In my previous post on the narratives of the Old Testament, I talked about God’s complete intolerance with the “other” – the non-Israelite who might influence his people to worship other gods and not obey his laws.  The other had to be destroyed in order to preserve the purity of his people.  It did not matter if some, many, or most of these others were decent, loving human beings who cared for their children and did acts of kindness, doing the best to help others and be good people.  They were to be destroyed.  Every one of them in the city of Jericho: man, woman, child, and, well, the animals for good measure. The taking of Jericho is the first major battle of the book, and others follow suit.  To illustrate, here is the one that comes next, less known to Bible readers today but equally instructive (and gruesome) (and with an interesting military tactic). Again, this come from my book The Bible: A Historical and Literary Introduction (Oxford University Press).   ******************************   The [...]

2021-08-20T16:34:25-04:00August 24th, 2021|Hebrew Bible/Old Testament|

God’s Destruction of the “Other”: Joshua and the Battle of Jericho

  In this thread I have been discussing the wrath of God as manifest in the writings of the Old Testament, in preparation for a later discussion of the divine judgments meted out in the New Testament book of Revelation. In a number of Old Testament narratives God asserts his raw divine power not because he is angry at the disobedience of his people but because he does not want them to be corrupted by outsiders, the “Others” who will lead them astray.  In one sense I suppose God could be said to be angry with these outsiders, but it is a little difficult to see why, since he has not revealed himself to them and they are simply worshiping the gods they and their ancestors have worshiped from time immemorial. But in any event, the outsiders need to be destroyed to prevent them from badly affecting the Israelites.  Nowhere is this theme played out more consistently and graphically than in the book of Joshua, the sixth book of the Hebrew Bible (right after the [...]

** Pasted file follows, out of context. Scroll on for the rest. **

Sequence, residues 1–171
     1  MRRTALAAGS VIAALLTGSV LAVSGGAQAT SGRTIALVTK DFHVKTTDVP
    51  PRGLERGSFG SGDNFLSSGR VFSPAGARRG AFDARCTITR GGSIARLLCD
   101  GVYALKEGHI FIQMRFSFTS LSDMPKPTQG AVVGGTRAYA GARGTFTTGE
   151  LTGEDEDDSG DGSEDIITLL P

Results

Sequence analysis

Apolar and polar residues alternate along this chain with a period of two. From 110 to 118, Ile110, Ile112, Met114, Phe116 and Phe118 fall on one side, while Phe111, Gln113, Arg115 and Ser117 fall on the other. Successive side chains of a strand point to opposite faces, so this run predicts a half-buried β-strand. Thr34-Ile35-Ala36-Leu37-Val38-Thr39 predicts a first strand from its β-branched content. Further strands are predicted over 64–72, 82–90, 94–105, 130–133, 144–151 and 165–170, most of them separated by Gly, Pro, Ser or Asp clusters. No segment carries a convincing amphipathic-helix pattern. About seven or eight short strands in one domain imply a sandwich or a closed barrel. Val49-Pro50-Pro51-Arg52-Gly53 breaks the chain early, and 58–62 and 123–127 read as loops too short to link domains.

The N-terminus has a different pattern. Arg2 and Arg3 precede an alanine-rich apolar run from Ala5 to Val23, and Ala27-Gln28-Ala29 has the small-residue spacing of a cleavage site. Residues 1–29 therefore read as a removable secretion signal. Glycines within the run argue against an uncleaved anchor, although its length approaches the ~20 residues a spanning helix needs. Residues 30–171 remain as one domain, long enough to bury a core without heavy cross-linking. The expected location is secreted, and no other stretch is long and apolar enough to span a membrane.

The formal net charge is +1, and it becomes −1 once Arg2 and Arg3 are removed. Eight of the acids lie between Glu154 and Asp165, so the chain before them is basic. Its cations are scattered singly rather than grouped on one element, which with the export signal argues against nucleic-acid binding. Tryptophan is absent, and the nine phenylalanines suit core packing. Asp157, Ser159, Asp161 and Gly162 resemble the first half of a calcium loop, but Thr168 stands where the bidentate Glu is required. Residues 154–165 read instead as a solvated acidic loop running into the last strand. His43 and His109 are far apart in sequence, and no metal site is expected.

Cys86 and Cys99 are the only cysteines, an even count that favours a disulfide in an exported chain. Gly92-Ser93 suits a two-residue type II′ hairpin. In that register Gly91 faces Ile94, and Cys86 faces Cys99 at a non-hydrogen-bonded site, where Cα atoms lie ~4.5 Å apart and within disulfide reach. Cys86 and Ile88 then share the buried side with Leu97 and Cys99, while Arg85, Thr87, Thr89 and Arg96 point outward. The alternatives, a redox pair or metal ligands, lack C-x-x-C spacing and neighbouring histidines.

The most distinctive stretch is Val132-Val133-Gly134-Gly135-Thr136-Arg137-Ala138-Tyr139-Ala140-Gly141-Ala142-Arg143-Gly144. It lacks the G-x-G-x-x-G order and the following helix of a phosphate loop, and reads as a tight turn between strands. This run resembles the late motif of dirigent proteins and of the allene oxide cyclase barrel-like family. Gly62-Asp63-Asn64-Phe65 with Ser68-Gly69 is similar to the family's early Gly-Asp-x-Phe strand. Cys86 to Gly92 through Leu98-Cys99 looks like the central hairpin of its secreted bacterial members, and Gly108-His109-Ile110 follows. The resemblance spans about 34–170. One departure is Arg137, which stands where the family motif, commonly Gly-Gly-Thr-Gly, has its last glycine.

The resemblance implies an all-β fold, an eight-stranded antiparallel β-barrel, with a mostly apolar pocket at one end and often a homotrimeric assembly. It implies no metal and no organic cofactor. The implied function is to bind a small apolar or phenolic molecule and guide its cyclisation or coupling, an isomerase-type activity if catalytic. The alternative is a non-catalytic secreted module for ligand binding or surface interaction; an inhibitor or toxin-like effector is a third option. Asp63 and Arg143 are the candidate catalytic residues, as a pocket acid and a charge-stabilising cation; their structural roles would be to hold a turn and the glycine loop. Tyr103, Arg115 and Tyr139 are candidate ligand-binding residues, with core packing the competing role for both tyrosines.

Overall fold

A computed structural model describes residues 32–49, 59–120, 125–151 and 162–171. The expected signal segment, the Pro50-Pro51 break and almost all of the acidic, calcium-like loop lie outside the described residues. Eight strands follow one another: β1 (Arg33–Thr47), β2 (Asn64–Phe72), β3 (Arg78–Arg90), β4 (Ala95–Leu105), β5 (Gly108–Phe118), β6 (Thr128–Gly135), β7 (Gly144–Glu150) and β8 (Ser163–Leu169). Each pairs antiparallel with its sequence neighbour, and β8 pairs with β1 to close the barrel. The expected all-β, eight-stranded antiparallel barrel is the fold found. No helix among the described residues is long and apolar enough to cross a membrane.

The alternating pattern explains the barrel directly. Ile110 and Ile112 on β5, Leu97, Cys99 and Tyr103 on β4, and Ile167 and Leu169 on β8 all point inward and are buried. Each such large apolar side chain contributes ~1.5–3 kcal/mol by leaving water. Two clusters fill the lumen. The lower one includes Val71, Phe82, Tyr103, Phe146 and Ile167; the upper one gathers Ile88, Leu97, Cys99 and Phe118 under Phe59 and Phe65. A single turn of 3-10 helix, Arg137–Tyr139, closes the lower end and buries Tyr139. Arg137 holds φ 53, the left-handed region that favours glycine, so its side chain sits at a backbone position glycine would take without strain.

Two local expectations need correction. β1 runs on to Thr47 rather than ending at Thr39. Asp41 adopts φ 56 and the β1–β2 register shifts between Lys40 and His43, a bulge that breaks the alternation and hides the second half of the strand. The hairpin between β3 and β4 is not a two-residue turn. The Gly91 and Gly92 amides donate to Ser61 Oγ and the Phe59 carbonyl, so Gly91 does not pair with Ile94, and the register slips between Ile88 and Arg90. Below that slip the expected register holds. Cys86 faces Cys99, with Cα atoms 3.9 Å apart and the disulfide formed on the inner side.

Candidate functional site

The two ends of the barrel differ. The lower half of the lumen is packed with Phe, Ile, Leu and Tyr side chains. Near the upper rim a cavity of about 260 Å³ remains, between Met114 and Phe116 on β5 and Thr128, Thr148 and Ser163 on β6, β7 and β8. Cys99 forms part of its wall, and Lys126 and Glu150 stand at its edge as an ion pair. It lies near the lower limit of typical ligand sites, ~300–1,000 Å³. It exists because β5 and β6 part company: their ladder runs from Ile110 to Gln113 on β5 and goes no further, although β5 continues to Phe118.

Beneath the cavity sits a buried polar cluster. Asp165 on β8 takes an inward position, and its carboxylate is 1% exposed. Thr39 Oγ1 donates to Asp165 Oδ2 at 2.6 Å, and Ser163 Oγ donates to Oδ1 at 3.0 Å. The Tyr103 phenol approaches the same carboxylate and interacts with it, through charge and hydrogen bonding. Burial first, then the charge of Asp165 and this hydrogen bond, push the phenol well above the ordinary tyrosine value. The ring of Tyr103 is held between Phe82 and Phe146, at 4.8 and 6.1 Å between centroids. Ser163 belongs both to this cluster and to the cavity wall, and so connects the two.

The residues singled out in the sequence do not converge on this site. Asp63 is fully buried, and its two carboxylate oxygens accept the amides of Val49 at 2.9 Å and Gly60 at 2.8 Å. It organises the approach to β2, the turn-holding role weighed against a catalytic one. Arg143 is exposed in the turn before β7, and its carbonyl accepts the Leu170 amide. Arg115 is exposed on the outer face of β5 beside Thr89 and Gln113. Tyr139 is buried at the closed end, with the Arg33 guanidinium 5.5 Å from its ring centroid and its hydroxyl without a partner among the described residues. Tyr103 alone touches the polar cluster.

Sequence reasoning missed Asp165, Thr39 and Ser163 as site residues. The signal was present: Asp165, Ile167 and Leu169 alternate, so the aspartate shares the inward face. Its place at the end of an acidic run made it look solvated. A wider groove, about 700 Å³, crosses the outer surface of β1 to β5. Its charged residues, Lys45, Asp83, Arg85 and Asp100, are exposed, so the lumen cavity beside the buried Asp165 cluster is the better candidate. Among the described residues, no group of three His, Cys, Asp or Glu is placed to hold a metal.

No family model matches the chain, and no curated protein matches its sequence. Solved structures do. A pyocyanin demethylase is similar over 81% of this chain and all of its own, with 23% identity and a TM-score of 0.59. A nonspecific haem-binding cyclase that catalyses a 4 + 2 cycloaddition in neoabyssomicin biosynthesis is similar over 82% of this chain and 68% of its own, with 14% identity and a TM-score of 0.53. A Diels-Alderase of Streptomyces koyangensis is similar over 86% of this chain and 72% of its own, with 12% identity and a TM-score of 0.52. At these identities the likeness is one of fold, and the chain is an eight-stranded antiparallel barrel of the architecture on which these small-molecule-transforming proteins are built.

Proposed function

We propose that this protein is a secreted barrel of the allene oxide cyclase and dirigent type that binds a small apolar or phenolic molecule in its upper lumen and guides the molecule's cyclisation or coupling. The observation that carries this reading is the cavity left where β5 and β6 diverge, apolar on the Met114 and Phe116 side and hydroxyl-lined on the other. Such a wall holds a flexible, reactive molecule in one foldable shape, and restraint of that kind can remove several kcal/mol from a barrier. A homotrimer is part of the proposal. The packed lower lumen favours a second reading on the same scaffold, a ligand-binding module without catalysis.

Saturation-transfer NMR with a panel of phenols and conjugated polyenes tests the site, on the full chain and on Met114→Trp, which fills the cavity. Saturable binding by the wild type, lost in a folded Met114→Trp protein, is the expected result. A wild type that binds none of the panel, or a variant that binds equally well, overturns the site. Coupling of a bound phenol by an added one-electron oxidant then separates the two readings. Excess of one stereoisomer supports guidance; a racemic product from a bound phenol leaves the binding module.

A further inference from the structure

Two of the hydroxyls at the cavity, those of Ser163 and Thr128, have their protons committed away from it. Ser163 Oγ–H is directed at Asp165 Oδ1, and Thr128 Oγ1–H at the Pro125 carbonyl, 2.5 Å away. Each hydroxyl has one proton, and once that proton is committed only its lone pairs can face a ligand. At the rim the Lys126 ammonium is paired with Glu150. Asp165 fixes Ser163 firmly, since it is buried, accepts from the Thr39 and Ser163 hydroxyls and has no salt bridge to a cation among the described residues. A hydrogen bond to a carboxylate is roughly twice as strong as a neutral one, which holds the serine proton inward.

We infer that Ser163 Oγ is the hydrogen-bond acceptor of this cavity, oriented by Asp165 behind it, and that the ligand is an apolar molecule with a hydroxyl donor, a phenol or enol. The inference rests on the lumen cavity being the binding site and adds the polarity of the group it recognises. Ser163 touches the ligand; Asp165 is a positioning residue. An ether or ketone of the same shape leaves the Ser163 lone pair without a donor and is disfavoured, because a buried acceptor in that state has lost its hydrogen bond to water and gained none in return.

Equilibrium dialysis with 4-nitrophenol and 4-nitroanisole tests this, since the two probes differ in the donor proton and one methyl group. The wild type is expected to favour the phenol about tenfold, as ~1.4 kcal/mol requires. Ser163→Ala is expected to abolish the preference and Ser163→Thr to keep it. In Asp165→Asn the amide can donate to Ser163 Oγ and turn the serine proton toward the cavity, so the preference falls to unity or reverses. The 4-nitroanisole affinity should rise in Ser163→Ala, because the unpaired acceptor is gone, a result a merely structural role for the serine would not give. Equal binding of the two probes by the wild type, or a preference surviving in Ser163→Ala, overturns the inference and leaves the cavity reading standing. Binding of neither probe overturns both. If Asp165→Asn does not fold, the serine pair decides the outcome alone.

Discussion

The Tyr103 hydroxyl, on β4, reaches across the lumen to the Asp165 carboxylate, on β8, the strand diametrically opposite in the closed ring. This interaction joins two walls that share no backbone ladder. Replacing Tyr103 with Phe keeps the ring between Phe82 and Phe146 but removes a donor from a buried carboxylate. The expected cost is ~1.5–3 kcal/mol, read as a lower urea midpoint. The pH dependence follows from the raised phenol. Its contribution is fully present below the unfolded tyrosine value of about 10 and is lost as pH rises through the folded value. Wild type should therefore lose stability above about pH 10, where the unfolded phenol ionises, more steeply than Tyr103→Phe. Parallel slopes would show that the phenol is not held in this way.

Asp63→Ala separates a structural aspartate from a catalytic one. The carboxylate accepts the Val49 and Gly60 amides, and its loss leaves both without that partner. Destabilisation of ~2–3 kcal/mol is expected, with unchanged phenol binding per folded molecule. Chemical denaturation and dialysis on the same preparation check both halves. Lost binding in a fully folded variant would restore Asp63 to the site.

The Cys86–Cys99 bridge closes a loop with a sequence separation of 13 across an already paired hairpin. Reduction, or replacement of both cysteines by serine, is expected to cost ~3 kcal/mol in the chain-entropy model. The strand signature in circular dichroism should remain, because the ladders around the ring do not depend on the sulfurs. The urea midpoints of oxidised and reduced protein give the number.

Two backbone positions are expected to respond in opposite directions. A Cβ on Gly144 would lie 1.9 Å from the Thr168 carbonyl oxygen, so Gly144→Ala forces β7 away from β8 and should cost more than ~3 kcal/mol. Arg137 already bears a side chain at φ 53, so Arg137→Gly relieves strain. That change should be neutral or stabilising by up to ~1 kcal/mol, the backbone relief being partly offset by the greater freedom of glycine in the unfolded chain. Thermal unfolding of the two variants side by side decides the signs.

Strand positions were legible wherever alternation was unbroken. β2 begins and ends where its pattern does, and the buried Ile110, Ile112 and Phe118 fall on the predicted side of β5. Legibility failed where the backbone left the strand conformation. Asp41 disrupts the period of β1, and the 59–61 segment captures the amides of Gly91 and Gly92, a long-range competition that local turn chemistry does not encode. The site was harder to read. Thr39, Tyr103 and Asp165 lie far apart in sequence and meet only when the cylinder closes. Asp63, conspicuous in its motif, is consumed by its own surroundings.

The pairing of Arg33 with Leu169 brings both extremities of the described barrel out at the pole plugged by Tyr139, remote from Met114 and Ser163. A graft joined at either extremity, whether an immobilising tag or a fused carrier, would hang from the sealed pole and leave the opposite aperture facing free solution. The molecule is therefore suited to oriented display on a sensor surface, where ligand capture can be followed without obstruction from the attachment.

2021-08-08T18:21:14-04:00August 22nd, 2021|Hebrew Bible/Old Testament|

Is This a God You Want to Worship? Some Horrors of Scripture.

Parts of the Hebrew Bible insist on the absolute purity of the Israelites – they are to have no contact with outside influences that might compromise their devotion to Yahweh, the God of Israel, in any way whatsoever.  If they do come to be influenced by outsiders, God punishes them severely; and sometimes, as a further response, he orders the slaughter of the outsiders.  This is the wrath of God in its most severe and unbending form, evidently against people who didn’t even know he existed. Nowhere is this theme shown more graphically than in the case of Moses and the Midianites, as found in Numbers 25 and 31, passages that I would venture to say very few people on the blog or otherwise have ever read or at least paid much attention to.  But they are among the most horrifying narratives of the entire Hebrew Bible. The account begins with a group of outsiders, the Moabites (inhabitants of the land of Moab).  While Israel is still in the wilderness during their 40 year wandering, [...]

Why God Had to Destroy the Outsiders…